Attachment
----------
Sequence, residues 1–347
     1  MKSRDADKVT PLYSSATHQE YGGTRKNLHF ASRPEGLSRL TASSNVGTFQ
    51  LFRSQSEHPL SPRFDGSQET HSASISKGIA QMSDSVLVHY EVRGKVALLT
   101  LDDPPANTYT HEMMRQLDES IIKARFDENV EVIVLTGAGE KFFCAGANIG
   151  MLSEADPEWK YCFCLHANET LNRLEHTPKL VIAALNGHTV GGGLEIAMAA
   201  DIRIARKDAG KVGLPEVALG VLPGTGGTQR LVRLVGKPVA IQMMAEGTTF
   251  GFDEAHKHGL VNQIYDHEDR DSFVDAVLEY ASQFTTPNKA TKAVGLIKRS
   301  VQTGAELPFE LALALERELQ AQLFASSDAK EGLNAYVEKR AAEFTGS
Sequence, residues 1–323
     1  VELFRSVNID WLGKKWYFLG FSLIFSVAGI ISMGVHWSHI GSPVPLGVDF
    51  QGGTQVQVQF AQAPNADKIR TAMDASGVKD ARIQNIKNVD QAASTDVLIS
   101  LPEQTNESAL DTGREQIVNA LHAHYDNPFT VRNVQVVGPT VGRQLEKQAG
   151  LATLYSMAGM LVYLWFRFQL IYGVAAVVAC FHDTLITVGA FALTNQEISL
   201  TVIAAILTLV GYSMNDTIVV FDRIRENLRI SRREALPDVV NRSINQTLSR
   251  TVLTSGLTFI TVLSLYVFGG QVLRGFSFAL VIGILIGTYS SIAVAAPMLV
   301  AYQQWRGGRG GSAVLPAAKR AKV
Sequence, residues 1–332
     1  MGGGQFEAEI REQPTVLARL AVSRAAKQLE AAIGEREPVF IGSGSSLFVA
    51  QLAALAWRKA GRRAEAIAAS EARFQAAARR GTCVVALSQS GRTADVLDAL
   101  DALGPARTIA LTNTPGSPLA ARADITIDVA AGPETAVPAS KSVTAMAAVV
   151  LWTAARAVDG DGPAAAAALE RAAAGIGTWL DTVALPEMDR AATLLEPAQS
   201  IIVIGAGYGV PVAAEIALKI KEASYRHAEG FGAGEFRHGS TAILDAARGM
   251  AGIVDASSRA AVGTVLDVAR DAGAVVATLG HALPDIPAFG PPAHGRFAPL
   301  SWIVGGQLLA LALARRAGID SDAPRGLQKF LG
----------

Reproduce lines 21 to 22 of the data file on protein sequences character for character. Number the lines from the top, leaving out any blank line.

   151  LWTAARAVDG DGPAAAAALE RAAAGIGTWL DTVALPEMDR AATLLEPAQS
   201  IIVIGAGYGV PVAAEIALKI KEASYRHAEG FGAGEFRHGS TAILDAARGM